Fischer MD-2 Iontophoresis Machine in Pictures


Recently, I got to lay my hands on a Fischer MD-2 for this review (courtesy: SweatLessHands). This post provides a series of pictures I took that should give you a pretty good idea of how the machine looks like. I will cover my experience of taking treatment with Hidrex PSP 1000, Idromed PS, Fischer MD-1a and Fischer MD2 in a separate post.


Fischer MD-2 is the higher end machine available from the leading iontophoresis machine manufacturers in US (R.A. Fischer).  The machine appears/feels very rugged and high quality in terms of build. The MD-2 is box shaped, with most of the controls on the front panel. The MD-2 has lots of options available to customize your treatment – including polarity, current, time etc.  The front panel also has the on/off switch (top left), and the connectors to connect with the electrodes in the water tray. essentially, everything except the power inlet is on the front panel.


One thing that will stand out, especially in comparison with other machines in the market is how sturdy this is built. While it’s a bit bulkier, practically that should not be an issue (unless you travel a lot and want to carry the iontophoresis machine around). What matters is how well this machine works for your condition, and in that department, MD-2 is as good as any other!


There is not much going on the backside of MD-2, except the power inlet (bottom right).


Plugged In

Once plugged in with the main power, the electronic display provides all the information user needs to see (time left, current etc.) The display is user friendly (as compared to a Hidrex), and its easy to understand what’s going on. It should be easy to get used to this machine after first sitting.




The overall configuration looks like this:


The main control unit is plugged in to a power source (on the back side). The main control unit is also connected to booth the electrodes that are placed inside the provided trays. The trays are covered with provided fabric material to prevent direct contact with the electrodes. You will need to fill the trays with tap water (and any additives, if required), select the settings and dip the body part in the trays. The treatment will then begin and you can monitor the remaining time on the control unit. You can take out your hand/feet at any time without experiencing any electric shock as the control unit monitors that for you.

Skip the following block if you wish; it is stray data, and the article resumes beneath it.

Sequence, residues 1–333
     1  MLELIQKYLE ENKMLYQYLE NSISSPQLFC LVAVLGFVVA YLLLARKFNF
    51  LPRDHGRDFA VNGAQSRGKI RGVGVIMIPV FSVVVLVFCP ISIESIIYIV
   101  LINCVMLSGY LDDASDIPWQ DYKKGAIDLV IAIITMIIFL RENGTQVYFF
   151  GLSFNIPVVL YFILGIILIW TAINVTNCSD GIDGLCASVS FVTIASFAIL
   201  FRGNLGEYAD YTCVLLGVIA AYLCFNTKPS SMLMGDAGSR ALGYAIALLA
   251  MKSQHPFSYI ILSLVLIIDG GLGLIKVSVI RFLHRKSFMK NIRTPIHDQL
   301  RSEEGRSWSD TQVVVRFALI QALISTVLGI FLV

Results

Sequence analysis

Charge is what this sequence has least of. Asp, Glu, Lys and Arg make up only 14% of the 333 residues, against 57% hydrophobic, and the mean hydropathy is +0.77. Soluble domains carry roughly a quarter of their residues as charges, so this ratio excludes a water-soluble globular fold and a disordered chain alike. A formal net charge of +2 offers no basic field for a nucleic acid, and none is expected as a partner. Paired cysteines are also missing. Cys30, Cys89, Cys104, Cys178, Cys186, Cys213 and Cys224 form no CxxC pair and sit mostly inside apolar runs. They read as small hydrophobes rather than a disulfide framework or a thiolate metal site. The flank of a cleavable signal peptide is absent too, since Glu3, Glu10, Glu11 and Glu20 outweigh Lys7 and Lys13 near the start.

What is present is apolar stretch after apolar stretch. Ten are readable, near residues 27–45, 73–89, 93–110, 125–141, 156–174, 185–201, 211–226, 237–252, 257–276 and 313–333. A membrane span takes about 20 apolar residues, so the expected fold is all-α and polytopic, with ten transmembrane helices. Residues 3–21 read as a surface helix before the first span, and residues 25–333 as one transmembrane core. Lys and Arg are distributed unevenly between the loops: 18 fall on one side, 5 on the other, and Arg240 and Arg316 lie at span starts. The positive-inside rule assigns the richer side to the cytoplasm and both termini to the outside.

The entire setup is quite intuitive and I did not need to refer to the instruction manual!

Comparison with Idromed, Fischer MD-1a, and Fischer MD-2

The Fischer MD-2 machine is bigger and heavier than the Hidrex and Idromed iontophoresis machines. The big size, by itself is not a big issue in my opinion, unless you’d like to travel a lot with your machine. The machine does feel much more sturdy than the European manufacturers and given you’ll probably not buy many of these over a lifetime, it may make sense to go with one that is robust.


Below: MD-2 vs. Md-1a, MD-2 v. Idromed, MD-2 vs. Hidrex



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About Author

I have had hyperhidrosis (palms and feet) since my childhood. I have tried/researched almost every treatment for hyperhidrosis over last decade, and in the process have acquired considerable experience that I hope will help others suffering with hyperhidrosis. I am happy to help you in whatever way I can to manage your excessive sweat problem - see the About page for more details and my contact information. Remember you are not alone, and that hyperhidrosis is entirely manageable with informed treatment. Good luck! PS: I recently published all that I have learnt about Hyperhidrosis in my book No Sweat! I encourage you to check that out as I believe its the best resource out there to understand and manage hyperhidrosis without falling for the miracle cures. Will love to hear your feedback on how to make it better.

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